Yesterday we saw that Christianity was birthed out of the resurrection experience of Jesus of Nazareth. Therefore, understanding it, and what Christians mean by it, is critical to understanding Christianity’s claim, to understanding Christianity. Now we will look at what it is Christians are claiming by the resurrection.
- The claim is not that Jesus didn’t really die, but went to be with God. That, in fact, is the Quran’s explanation of Jesus’ sharing in heaven with Allah.
- Nor do Christians claim that Jesus was resuscitated and continued his mortal existence. There’s many stories, ancient and modern, about resuscitations–people who experienced clinical death and then recover and go back to their ordinary existence. But resuscitation merely means that mortality has not been transcended, but simply deferred. People who are resuscitated eventually do die (again). They continue to be mortal.
- What Christians claim of Jesus is that he transcended mortality by entering into a share of God’s life and power. So it’s not that he simply went back to work on Easter Sunday, but rather that he entered into a full participation of God’s life. So this is exaltation, or enthronement. Psalm 110:1, The LORD said to my Lord, “Sit in the place of honor at my right hand until I humble your enemies, making them a footstool under your feet”, became the way Christians understood the resurrection. (Remember this verse as quoted in Hebrews that we looked at a couple months back?) It is not resuscitation, it is exaltation. It is an enthronement to share God’s life.
- So the essential and earliest designation of Christians, Jesus is Lord (as in 1 Cor.12:3), is not saying that Jesus is a powerful human person. It is saying that Jesus shares the life of God. We know this because the word “Lord”– in Greek “Kyrios”–is the word that is used in the Greek translation of the Hebrew Scriptures (called the Septuagint) for the distinctive name of Israel’s God, YHWH, or if you’d like to buy a couple of vowels, Yahweh. This personal name of God, Kyrios, is now applied to Jesus. So when the earliest Christians said, “Jesus is Lord,” they were in effect saying, “Jesus is God.” He has been exalted to the status of God and has become, as Paul says in 1 Corinthians 15:45, life-giving spirit. Only God can give life. So what Paul is saying is that Jesus did not only regain his life, he became the source of life for others through this energy–the radiation of this energy field which Christians call the Holy Spirit.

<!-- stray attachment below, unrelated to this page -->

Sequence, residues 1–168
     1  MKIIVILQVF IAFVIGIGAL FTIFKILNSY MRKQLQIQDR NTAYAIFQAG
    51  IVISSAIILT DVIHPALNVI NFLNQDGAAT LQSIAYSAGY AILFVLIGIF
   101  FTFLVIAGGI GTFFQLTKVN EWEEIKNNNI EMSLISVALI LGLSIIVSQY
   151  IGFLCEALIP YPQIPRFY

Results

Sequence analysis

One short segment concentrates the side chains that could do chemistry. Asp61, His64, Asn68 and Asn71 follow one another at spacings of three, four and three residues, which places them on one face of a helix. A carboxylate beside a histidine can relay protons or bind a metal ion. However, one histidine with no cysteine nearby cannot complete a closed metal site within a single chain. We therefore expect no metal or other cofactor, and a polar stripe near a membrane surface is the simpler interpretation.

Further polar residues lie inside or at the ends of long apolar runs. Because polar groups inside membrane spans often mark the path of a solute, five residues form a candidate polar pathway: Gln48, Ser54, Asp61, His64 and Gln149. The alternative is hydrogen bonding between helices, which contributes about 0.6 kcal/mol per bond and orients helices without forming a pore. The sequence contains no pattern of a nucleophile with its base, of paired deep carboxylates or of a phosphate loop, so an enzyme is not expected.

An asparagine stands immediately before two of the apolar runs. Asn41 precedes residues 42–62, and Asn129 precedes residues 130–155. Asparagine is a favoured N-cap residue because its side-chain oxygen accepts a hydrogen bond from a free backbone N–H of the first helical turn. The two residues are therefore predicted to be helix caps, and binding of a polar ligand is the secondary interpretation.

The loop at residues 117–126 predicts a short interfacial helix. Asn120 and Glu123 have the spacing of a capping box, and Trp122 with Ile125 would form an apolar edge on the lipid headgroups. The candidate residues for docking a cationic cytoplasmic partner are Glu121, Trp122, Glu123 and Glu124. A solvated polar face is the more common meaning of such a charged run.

Do you see how huge this is?
In this sense, it is not just a mere historical event. Christians would refer to the resurrection as an eschatological* event, that is, an ending of one kind of history, and the beginning of another. The closest comparison Paul can find to this event is creation itself. So he refers to the fact that if anybody is in Christ, he is a new creation.
And so Jesus’ resurrection is seen as the possibility of transforming all humans through a new power of life. It’s a remarkable claim, a powerful claim, and a paradoxical claim. But it is the claim that is the basis for other fundamental convictions concerning Jesus.
It is to those we shall look tomorrow.
*The Oxford English Dictionary defines eschatology as “The department of theological science concerned with ‘the four last things: death, judgment, heaven and hell’.” In the context of mysticism, the phrase refers metaphorically to the end of ordinary reality and reunion with the Divine.